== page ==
Local youth gains honor of state from Discovery Channel
Published 7:21 pm Tuesday, September 19, 2006
The Discovery Channel has honored a Picayune Memorial High School student for work done on a science project inspired by Hurricane Katrina.
With the use of powdered milk, some moisture and the power of decomposition, Mary Pollitz, a junior high student when the hurricane roared through Picayune snapping the tops out of trees and damaging others beyond recovery, found an alternative to stump grinding.
Pollitz, now a freshman at PMHS, thought up a way to speed up the process of decomposition of stumps left by Hurricane Katrina by attracting more decomposers. Pollitz used the project idea for her junior high science project.
“That’s where I got the idea from, because the stump grinders are like $175 for one stump,” Pollitz said.
With the use of powdered milk and water to keep it moist, bugs and other decomposers such as maggots and grub worms began their work on the stump, she said.
“I also used Roundup (a commercial weed killer) but that didn’t work as well as the powdered milk did,” Pollitz said.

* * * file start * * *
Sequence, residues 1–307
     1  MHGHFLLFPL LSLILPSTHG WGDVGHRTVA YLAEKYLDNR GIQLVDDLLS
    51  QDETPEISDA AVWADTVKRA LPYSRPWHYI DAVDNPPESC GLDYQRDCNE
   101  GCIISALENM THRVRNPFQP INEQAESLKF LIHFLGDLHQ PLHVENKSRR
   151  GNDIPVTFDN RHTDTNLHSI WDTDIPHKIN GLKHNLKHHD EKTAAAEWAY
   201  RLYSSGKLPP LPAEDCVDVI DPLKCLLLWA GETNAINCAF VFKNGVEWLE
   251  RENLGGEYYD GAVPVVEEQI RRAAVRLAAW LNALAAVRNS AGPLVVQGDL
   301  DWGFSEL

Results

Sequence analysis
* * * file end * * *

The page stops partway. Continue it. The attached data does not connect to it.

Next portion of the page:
In her experiment, she used a stump that has been in her yard for three years as a control and compared it to the decomposition rate of stump from a tree damaged by Katrina to which she applied the powdered milk. The stump caused by a tree being lost to Katrina showed a considerable rate of decomposition, with layers of bark and other matter falling right off the stump, while the control stump remained intact, Pollitz said.
Even though the experiment began in November of last year, Pollitz said she still puts the powdered milk on the stump once a week and moistens the stump everyday.
“Unless the humidity is really high,” she said.
Recognition for her project came when she submitted an essay describing her project to the Discovery Channel Scientist Challenge. Initially, there were 70,000 students who entered science fairs nationally, and 1,900 entries that were submitted to the challenge, according to a press release from the Discovery Channel. Of those 1,900 formal entries, there were 400 semifinalists from states such as Florida, which had 35 semifinalists, California with 33 and Texas with 32. Mississippi’s only semifinalist is Pollitz, according to http://school.discovery.com/sciencefaircentral/dysc/finalists/states/ms.html.
The essays were structured around questions such as a description of the project, how it would affect other cities and how would the entrant convey the project to others, Pollitz said. She and her teacher received prizes for her achievement, Pollitz said, and she received a 30-day trial of Cosmeo, a homework website though the Discovery Channel and a magnetic game. Her teacher received some products from Elmer’s for class use, a sponsor of the Discovery Channel Scientist Challenge.
Pollitz plans to join the robotics team with her brother this year. After she graduates high school, she wants to enter the medical field.
“I think I’d like to be a neonatal nurse,” Pollitz said.